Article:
If "watercolor" brings to mind whisper-pink posies and quiet-as-a-tomb still lifes, you may have some surprises in store at the National Watercolor Society's 67th Annual Exhibition at Brea Gallery. The show features, through Dec. 18, more than 100 works by watercolorists from across the United States.
Content and colors run the spectrum from "Calle Venezia," a romantic scene by Laguna Beach artist Kay Rebber Foote, to Belle Osipow's experimental "Light as a Kite," a three-dimensional mixed media on canvas and paper.
"It's exciting to see so many bold colors and geometric shapes this year," said gallery coordinator Marie Sofi, who has worked with NWS for the last four years on the annual exhibits. "In the past, colors have generally been more subtle. Now we're seeing more brightness, more collages, a lot more texture."
Sofi said that public response to the exhibit, which opened in November, has been tremendous.
"This exhibit has always been one of our top draws. We're averaging about 150 visitors and nearly 300 calls a day for this show.
"I think watercolors are a very accessible medium to audiences, and this one is really a pleasure to view. It's a very tranquil experience, but the experimental aspects add a lot of excitement as well. It's gratifying to see how involved people get in the show. They don't just look at the paintings and say 'Oh, that's nice.' Before they leave the gallery, they're into the pieces, they feel them, they communicate with the artist."
Among the works on display is "Red Still Life With One Carnation," a light-hearted study of teapots and tap shoes by Wisconsin artist Peggy Flora Zalucha. Winner of the National Watercolor Society Purchase Award (one of the exhibit's top honors), the work features a pair of fire-engine red dancing shoes, a gleaming teapot and a single carnation against a background of Sunday comics rendered so clearly that every punch line is legible. "Still Life" will be presented by the society to the City of Brea at the close of the exhibit for display in City Hall.
Entries in the show were chosen by a five-member jury drawn from National Watercolor Society members. More than 900 artists from across the country submitted slides of their work for consideration; only 89 were chosen (the balance of the year's show includes 17 works by members of the jury and NWS board). Awards juror William C. Landwehr, a nationally respected curator and jurist, then selected 22 prize winners to receive cash gifts of up to $1,000.
Other top winners included Ernest Velardi's surrealistic "That's the Way It Is," Meg Huntington Cajero's "Mirage," and "Sleepless Night" by Costa Mesa artist Sharon Maczko. (Other Orange County artists include Nedra Tornay of Santa Ana, Mary Weinstein of San Clemente, Connie Crawford of Fullerton and jurist Scott Moore of Laguna.)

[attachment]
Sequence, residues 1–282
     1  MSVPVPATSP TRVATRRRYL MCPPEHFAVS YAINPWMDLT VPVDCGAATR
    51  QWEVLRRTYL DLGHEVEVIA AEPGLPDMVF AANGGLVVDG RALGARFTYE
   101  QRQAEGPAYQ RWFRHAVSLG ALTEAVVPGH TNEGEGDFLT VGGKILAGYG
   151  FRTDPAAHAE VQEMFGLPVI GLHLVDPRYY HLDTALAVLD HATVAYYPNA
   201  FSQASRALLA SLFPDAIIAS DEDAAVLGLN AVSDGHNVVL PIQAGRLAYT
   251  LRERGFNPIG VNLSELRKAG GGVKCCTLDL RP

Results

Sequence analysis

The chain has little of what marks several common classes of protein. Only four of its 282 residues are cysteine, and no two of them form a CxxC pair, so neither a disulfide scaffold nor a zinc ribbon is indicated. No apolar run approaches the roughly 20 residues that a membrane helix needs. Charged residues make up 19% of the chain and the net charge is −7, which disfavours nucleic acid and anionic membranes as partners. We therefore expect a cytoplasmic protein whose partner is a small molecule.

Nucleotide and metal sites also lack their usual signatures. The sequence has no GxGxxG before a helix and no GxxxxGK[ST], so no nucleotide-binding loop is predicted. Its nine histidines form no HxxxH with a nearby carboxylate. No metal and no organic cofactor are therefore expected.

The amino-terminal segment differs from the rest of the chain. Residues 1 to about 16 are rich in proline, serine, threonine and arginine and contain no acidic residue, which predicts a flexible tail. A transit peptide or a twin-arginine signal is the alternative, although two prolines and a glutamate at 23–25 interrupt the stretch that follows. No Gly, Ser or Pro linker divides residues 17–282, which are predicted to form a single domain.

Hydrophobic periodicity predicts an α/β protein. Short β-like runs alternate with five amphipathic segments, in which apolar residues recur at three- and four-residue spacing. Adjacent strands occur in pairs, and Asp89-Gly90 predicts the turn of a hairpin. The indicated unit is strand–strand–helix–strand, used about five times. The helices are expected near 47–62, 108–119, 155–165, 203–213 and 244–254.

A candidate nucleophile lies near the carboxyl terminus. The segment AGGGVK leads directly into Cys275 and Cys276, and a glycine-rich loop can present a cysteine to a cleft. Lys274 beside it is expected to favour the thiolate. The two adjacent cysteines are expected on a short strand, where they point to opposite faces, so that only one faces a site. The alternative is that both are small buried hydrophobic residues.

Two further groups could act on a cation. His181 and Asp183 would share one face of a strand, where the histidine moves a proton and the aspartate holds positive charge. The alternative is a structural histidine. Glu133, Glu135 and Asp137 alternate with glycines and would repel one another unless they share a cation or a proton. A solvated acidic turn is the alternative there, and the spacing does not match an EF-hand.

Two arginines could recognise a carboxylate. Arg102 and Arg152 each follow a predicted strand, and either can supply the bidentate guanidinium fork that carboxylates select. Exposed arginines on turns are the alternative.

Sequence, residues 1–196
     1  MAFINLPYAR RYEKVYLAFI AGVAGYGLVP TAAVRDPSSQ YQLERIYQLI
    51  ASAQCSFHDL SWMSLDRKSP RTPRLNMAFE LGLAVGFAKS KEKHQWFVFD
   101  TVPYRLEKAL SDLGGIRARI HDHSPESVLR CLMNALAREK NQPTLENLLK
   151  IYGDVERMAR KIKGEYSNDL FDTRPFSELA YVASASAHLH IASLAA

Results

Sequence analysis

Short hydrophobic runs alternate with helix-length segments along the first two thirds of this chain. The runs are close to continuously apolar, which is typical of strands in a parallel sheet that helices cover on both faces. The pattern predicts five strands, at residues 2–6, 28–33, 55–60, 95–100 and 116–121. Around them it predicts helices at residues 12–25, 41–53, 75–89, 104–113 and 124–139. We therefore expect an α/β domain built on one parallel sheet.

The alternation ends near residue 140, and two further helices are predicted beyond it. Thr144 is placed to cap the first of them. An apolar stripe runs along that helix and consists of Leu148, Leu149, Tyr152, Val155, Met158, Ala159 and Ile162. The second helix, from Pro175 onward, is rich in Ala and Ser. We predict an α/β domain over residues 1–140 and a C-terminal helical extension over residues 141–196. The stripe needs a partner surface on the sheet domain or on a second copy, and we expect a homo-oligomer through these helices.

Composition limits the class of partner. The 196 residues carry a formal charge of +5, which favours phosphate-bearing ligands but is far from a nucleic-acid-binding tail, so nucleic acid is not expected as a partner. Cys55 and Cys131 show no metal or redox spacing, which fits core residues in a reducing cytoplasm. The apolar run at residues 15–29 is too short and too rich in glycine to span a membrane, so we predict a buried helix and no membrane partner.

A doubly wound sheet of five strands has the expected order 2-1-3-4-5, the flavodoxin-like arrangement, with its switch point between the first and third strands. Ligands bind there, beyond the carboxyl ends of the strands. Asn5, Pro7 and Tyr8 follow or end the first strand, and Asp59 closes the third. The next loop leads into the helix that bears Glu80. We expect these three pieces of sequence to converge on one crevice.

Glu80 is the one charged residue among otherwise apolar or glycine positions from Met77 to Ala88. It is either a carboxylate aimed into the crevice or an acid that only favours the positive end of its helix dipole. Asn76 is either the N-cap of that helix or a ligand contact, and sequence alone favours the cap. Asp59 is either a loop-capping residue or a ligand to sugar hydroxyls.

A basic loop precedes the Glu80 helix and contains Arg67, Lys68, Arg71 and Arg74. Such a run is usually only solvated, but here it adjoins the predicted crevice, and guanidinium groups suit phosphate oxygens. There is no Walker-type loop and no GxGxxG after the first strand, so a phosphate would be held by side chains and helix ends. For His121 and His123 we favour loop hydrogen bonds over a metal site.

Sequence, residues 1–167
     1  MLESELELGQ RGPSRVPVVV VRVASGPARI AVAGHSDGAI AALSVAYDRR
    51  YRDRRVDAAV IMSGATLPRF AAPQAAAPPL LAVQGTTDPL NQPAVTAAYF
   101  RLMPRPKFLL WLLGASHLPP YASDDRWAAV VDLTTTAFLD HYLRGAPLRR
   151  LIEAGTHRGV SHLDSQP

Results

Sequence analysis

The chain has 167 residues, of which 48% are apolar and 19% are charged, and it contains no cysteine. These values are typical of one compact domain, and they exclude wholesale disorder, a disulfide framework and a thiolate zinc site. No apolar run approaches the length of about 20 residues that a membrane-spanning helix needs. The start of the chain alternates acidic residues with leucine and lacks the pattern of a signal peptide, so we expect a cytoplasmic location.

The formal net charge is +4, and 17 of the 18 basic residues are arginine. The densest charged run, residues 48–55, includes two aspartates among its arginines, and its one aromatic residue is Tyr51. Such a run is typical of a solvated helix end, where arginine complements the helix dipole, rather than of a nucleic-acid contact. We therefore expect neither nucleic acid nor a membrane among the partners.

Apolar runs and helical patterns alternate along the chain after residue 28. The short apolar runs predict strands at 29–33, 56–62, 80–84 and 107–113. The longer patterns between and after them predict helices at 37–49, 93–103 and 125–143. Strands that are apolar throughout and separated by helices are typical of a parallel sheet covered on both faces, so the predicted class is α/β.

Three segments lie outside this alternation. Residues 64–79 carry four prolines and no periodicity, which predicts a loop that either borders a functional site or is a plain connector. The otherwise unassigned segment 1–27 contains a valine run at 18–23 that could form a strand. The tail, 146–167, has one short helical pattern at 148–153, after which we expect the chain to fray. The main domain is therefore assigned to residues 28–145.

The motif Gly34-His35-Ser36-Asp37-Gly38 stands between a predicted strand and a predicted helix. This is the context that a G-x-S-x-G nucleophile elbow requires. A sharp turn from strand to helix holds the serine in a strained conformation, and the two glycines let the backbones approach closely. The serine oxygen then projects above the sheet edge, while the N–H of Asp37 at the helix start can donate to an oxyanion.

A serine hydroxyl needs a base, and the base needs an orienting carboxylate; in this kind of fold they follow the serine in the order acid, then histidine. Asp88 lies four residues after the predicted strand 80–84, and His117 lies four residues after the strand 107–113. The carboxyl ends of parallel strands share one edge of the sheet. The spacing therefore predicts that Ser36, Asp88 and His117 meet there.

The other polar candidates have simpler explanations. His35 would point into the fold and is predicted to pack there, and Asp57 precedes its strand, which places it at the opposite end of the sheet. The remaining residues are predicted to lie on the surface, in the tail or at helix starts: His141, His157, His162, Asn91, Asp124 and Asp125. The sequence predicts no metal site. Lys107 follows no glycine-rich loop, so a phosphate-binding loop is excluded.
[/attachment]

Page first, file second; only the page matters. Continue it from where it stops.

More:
According to the society's exhibit director Howard Clapp, acceptance in the annual exhibit is the first step in NWS' membership process. The society also requires that the applicants exhibit three additional works that are consistent with their exhibit entry.
"The membership process is tough," Clapp said. "All artists, whether they're writers, painters or poets, all have one really wonderful piece. But to keep that kind of thing going, well that's quite another matter."
Kay Rebber Foote, who has been working in watercolors and other mediums since she was 10, agrees. Unlike oils or other substances, watercolors can't be scraped off a surface if they're applied in error. Colors often must be built layer by layer with painstaking attention to detail.
"Once you put it down (on paper), it's there forever," Foote said. "You can lighten it or deepen it, you can soften edges for more subtlety, but you can never pick it up. I build my colors gradually . . . (allowing) some of the whiteness of the paper to shine through. It's almost like a stained-glass effect, with each color modifying the other for a subtle nuance or interweaving of color."
Founded in 1921 as the California Water Color Society, NWS now numbers more than 1,300 associate and "signature" members from California to Florida. According to Clapp, the annual juried exhibit is "the big one." Signature members--a title given only to those members that the society considers among the nation's best--were featured this summer in an invitational show at Bowers Museum in Santa Ana.
According to NWS president Lee Wexler, the society emphasizes education about watercolors by sponsoring public exhibits and workshops. The issue, says Wexler, is content, not medium. Through seminars and shows, NWS encourages the public to look at watercolors as statements by the artists and inspires them to learn more about the message behind the medium.
Under Wexler's leadership, NWS sponsored its first national conference last month in Whittier. Held in conjunction with the opening of the Brea exhibit, the three-day event included seminars with discussions ranging from practical to philosophical--providing insights into the jurying system, the value of content over technique and the relationship between artist and gallery.
Wexler is also at work at a cooperative exhibit with L.A. Arts Corps Gallery in Los Angeles, the first invitational show open to associate members. The exhibit is tentatively scheduled for next March.
Gallery hours for the National Watercolor Society's 67th Annual Exhibit are Wednesday, Friday and Saturday from noon to 5 p.m., Thursday from noon to 8 p.m. Admission is free and guided tours are available by reservation. Brea Gallery is at the Brea Civic and Cultural Center, 1 Civic Center Plaza in Brea, next to the Brea Mall. For information, call (714) 990-7730.